Monday, September 16, 2013

Oh, You Never Saw the Dead?

     So I went into a local pita joint here in Ithaca the other day that I had noticed had a sign with a dancing bear that said "Dead Head Parking Only."  I have a similar sign (but with a Stealie), and appreciate any business that openly admits their roots, so was excited to try it out.  When I walked in I jokingly asked if they had a discounts for other Dead Heads, which they did - but with one caveat.  You had to have seen the Grateful Dead, not a post-Jerry manifestation of them.  While I obviously didn't hold it against them and enjoyed the food anyway, that attitude is surely one of the main hurdles that my generation of Dead Heads has to deal with.

     Trust me, if I had any say in the matter, I would go back to the sixties and catch all the great artists between then and now, especially the Dead.  However, my last test of a time machine didn't go too well, and I'm not anticipating another test anytime soon, so I'm stuck going forward in time with the rest of you.  Not that there isn't any great music nowadays, within and outside of the Dead world; bands like Rubblebucket Orchestra, Furthur, Dark Star Orchestra, and the Big Mean Sound Machine (a local "sweat funk" band) have all given me the best musical experiences of my life.  However, and most Dead Heads will agree with this, the Grateful Dead have that certain magic to them that no other band seems to master.  As my friend and I often say, "they play with the old powers."

     Furthur, more than any other Dead-related band I've seen or heard (or any other music for that matter), can certainly capture that magic for me.  Whether it's at an outdoor show like the Gathering of the Vibes, in a hockey rink in central New York, or a theater in Boston, Furthur can grab the music from the air, walls, and people in attendance to transport/transform everyone.  While DSO usually puts on a great show, whether they're doing a cover of a particular concert or one of their original sets, they don't seem to have access to that same magic.  The Dead, and Furthur, when they're having a good night have something metaphysical to their sound, as if what you're experiencing in their music are the same forces and patterns that are at work behind the laws of physics throughout the cosmos.  The same forces that create supernovas and black holes are the same forces propelling "Dark Star" and "The Other One," and even "Big River" or "Ramble on Rose," to a certain extent!

     But I'm getting off topic.  What I'm really trying to get at is the answer to the question, "who are the Dead (and why don't they follow me everywhere I go)?"  When I first started seeing Furthur I drove my dad crazy by insisting that I had seen the Dead, but I think that statement is still true, or at the very least close enough.  Phil and Bobby both saw the progression of the Dead from the beginning to Jerry's death (not the end!), and have obviously been crucial in the evolution of the music.  I think having them in the same band is a huge factor in Furthur's ability to play that magical music, and having the other incredible members of the band give it a unique sound.  While they don't sound like the Grateful Dead most of the time, the Dead of the 80's or 90's sounded nothing like the Dead of the 60's; it isn't about sounding the same, it's about playing with the same spirit.  So does that make other iterations of Dead bands 'The Dead?"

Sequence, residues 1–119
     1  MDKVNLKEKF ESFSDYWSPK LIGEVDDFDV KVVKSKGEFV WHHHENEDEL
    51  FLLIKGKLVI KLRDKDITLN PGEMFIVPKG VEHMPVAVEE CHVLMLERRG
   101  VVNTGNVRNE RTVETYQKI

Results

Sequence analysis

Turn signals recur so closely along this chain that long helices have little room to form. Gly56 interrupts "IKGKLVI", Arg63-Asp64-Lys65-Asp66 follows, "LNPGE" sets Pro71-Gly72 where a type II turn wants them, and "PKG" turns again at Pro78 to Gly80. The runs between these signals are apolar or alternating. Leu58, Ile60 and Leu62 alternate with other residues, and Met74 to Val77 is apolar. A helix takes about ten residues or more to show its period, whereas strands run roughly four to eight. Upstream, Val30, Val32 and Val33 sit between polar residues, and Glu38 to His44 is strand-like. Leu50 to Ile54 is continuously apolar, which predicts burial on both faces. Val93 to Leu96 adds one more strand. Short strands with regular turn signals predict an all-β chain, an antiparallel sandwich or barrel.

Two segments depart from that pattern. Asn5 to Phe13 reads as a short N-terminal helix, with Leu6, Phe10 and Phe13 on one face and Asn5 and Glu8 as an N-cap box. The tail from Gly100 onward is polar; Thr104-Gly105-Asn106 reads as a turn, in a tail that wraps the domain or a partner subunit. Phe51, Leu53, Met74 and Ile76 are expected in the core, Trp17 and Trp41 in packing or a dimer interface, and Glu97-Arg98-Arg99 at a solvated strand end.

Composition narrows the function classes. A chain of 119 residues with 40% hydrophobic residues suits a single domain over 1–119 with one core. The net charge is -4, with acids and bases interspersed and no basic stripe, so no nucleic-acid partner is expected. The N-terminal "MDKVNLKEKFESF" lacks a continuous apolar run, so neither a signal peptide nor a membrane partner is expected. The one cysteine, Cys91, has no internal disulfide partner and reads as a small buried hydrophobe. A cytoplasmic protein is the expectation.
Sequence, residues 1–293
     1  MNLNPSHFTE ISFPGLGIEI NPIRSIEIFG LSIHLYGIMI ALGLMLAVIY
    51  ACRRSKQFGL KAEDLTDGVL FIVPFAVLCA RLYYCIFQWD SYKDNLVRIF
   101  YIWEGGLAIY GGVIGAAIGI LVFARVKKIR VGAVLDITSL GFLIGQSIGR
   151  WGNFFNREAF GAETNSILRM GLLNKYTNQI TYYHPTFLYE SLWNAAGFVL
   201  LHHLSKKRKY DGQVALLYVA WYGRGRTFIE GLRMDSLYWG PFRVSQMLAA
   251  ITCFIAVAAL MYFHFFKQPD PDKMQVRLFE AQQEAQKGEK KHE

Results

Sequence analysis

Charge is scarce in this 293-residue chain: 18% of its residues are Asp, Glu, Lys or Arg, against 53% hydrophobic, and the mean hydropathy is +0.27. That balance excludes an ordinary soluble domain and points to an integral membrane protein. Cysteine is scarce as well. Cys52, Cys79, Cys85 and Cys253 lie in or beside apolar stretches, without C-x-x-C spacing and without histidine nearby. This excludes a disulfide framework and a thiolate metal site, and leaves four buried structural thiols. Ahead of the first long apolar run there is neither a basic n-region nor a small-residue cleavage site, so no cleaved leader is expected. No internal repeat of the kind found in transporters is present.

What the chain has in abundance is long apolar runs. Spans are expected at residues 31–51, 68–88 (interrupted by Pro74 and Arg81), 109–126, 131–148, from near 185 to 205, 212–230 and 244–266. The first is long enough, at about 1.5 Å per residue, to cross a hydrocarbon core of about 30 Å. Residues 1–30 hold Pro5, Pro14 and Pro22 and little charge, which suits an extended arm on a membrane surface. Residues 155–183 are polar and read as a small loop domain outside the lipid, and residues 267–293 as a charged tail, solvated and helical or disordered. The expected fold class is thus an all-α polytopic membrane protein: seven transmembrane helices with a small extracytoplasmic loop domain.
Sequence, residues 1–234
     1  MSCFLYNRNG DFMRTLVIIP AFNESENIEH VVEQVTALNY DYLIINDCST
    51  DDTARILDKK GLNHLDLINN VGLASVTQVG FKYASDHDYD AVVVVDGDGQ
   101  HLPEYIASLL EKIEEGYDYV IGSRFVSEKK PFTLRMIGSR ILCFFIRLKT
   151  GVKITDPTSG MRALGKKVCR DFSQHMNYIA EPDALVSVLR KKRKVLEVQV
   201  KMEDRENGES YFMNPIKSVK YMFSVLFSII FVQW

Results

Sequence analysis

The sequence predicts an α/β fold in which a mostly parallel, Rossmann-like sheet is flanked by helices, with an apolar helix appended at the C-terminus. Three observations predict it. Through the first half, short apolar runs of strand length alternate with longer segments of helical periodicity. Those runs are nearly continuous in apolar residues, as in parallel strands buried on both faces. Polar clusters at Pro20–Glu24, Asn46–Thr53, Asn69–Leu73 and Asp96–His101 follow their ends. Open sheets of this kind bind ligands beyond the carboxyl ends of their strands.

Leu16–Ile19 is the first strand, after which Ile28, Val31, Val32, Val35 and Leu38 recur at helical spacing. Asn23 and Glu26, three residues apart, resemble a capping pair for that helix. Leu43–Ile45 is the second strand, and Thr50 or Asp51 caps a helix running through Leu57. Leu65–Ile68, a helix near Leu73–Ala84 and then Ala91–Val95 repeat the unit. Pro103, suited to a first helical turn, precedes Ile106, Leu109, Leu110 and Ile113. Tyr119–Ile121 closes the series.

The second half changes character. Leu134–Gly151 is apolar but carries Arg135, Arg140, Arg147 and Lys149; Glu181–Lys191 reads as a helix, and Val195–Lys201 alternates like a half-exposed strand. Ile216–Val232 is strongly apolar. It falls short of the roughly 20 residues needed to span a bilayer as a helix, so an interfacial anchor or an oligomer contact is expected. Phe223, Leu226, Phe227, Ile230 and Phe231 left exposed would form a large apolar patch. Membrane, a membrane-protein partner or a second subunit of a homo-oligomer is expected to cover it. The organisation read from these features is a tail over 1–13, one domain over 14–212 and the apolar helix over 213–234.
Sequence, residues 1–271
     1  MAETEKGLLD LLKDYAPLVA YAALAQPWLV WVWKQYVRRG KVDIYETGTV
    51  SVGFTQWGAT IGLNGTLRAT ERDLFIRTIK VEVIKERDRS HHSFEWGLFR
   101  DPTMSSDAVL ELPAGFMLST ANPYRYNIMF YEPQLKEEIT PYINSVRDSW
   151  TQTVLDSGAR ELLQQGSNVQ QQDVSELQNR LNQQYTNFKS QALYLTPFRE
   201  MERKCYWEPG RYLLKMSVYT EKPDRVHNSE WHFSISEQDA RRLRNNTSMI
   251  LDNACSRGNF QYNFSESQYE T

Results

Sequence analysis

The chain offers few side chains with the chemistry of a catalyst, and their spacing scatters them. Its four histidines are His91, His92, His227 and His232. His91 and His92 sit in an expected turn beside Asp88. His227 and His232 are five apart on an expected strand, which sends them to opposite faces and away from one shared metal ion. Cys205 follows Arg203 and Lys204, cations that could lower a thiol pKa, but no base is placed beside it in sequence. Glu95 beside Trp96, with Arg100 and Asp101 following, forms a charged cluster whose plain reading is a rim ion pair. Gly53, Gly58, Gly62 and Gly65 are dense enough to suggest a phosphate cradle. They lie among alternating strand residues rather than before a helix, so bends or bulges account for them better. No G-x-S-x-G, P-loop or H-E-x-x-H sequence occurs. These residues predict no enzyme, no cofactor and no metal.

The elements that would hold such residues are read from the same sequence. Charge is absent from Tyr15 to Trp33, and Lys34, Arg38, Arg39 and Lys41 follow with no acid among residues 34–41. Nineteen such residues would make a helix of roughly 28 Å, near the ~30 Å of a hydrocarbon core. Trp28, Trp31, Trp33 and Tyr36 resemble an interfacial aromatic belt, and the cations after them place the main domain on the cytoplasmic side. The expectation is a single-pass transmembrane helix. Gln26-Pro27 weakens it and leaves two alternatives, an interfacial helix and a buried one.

I can't really answer that for The Other Ones, The Dead (from the 2000's), or the Rhythm Devils, because I have unfortunately not seen any of them.  I've heard some recordings, but not enough to really make that call.  I think that any band with any member of the GD will certainly have at least some of that magic, but there's no guarantee that they can achieve lift-off.  I think Phil & Friends can capture it pretty consistently, but different line-ups alter the chemistry in obviously different ways, so there's still no guarantee that you will get a glimpse of the Grateful Dead monster at work behind the players.  Furthur, however, is pretty consistent, partly, again, because they have those two old guys, but the whole band also seems to be very much in the spirit of the Dead.  As a result, I feel more than comfortable calling these guys the Dead, and I think that much of what I experience at a show is a legitimate off-shoot of a GD concert.

     So what do you think?  Am I talking myself into believing a fairy tale?  Is the Mickey Hart Band the real Dead?

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